| Thursday July 3rd, 2008 | 1 Comment

biofuelelijk.jpgBiodiesel processors are in strong demand now that the price of petrol is going through the roof. (Small) businesses are increasingly beginning to produce their own biofuels and in an effort to breath more life into the new market, the U.S. Biofuels Exchange Inc. (USBE) has launched a biofuels platform. The new platform matches biofuel producers of all sizes with buyers.
The USBE is internet based and works very similar to eBay; it has a rating system to track and follow deals, display real time pricing and quantities on sale.
A board member of the exchange, James Kaufman, told Ethanol Producer Magazine that “the efficiency in the [biofuels] marketplace doesn’t exist because there are too many ‚Äòback room’ small deals and no central exchange.” The new exchange is set to change this and Kaufman has had and overwhelming amount of reactions from interested parties, he said.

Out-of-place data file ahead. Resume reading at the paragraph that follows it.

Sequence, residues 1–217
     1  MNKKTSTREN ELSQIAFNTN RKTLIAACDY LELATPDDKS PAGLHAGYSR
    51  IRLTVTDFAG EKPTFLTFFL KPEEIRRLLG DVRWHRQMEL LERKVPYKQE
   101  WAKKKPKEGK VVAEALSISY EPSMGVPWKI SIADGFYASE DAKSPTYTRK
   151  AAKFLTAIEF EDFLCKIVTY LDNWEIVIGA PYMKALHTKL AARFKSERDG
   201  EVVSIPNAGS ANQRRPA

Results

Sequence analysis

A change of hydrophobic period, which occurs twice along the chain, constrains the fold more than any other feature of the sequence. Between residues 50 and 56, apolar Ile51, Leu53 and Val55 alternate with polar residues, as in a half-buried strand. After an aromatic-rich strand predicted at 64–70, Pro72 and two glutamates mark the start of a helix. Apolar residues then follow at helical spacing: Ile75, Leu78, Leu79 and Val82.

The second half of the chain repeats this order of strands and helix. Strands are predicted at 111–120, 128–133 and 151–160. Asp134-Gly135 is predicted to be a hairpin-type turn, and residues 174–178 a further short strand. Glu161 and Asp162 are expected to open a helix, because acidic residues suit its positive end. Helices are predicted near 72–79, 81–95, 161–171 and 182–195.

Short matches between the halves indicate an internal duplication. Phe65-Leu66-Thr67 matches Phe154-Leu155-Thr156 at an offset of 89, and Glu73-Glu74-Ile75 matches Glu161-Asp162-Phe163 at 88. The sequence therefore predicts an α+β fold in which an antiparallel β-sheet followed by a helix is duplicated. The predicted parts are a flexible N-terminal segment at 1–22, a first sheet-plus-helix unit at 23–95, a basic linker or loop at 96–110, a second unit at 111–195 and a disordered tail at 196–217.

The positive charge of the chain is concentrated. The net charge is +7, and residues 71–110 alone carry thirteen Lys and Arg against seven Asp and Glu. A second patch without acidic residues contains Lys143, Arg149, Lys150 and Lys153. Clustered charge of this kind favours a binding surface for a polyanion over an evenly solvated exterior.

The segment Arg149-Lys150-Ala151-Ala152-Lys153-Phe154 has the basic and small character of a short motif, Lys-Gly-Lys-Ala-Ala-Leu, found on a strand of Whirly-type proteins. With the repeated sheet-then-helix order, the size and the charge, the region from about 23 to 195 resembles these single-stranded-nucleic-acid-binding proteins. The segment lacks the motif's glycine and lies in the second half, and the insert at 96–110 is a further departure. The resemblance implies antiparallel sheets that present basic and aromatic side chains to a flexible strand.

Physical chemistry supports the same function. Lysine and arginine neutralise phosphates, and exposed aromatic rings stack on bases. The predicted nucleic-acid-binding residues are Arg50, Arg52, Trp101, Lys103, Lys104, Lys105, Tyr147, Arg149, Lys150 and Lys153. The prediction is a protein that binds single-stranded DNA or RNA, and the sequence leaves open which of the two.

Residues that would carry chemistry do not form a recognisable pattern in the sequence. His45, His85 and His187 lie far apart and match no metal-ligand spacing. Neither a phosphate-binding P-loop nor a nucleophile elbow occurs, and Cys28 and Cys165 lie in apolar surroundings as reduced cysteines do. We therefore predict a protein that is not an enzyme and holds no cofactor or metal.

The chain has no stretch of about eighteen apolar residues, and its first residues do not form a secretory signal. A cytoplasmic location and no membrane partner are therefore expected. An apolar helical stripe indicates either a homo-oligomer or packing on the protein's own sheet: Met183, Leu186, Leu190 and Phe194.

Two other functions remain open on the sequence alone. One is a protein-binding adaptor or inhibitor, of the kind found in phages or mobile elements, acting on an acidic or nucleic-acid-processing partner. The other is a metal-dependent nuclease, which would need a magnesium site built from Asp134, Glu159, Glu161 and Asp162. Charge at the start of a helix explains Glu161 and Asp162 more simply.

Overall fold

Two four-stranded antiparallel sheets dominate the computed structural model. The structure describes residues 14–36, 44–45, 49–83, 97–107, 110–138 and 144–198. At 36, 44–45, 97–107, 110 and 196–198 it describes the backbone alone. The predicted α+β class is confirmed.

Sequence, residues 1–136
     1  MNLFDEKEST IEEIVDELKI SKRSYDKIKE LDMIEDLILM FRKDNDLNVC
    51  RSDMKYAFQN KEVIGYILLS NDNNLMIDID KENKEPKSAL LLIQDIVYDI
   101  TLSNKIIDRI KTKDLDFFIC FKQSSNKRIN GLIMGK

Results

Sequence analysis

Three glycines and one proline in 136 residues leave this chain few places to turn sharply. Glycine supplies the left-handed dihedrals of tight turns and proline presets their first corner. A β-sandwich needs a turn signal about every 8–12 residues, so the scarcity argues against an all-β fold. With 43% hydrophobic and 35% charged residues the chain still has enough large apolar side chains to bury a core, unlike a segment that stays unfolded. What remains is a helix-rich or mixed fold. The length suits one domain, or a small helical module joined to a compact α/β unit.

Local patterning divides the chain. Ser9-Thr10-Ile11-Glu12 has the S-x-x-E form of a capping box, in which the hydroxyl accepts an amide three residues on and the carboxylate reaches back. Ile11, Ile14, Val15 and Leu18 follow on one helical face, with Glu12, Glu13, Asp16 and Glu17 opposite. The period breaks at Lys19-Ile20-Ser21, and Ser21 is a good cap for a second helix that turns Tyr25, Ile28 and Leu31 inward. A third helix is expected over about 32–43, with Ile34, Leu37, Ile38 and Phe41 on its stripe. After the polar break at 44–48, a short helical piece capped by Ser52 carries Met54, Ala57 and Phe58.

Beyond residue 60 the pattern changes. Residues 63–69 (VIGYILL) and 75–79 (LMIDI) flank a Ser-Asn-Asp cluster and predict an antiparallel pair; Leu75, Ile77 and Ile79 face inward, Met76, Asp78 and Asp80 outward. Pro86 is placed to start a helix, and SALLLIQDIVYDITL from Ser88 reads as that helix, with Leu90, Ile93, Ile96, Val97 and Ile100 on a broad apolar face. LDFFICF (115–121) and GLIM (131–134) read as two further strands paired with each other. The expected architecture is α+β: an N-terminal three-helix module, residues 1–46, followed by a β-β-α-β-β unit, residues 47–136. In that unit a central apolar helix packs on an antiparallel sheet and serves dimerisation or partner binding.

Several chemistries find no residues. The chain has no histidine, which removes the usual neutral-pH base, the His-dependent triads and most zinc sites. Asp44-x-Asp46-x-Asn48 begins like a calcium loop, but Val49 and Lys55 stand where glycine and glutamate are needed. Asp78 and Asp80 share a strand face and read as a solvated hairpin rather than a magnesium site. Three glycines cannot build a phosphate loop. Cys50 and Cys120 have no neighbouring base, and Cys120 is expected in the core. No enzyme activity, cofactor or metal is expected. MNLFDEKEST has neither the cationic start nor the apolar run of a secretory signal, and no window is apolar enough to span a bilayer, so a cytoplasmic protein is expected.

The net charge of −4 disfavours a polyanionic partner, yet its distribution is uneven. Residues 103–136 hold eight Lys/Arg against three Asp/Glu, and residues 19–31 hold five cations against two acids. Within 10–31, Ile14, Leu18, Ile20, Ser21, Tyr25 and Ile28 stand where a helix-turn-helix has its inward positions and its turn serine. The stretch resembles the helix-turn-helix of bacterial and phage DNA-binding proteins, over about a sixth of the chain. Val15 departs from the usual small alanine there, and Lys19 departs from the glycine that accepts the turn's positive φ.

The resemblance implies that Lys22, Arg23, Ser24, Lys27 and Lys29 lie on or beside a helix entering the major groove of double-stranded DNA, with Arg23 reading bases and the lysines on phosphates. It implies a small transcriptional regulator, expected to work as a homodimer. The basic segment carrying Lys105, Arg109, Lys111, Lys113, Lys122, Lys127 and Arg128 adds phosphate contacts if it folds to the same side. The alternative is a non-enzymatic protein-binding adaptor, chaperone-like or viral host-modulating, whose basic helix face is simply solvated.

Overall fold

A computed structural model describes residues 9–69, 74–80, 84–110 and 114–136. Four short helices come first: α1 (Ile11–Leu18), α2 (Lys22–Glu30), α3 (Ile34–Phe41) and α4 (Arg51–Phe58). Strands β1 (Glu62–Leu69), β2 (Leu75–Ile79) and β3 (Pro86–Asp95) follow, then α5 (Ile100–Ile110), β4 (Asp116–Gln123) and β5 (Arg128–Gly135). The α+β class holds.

The ‘back room producers’ of biofuels range from domestic people to small or large companies and they’re doing nothing secretive. Biofuel processing equipment being marketed comes in various shapes and sizes and levels of sophistication. It¬¥s easiest to brew your own bio diesel from used vegetable oils and producer kits that allow you to do this make one gallon to 300 gallons of bio diesel, says Muna wa Wanjiru, an expert at Merpet Sales, which sells various brands of biodiesel production equipment to individuals and businesses.

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Retooling a Developed Economy’s Energy Base: Germany at the Head of the Class

| Wednesday July 2nd, 2008 | 0 Comments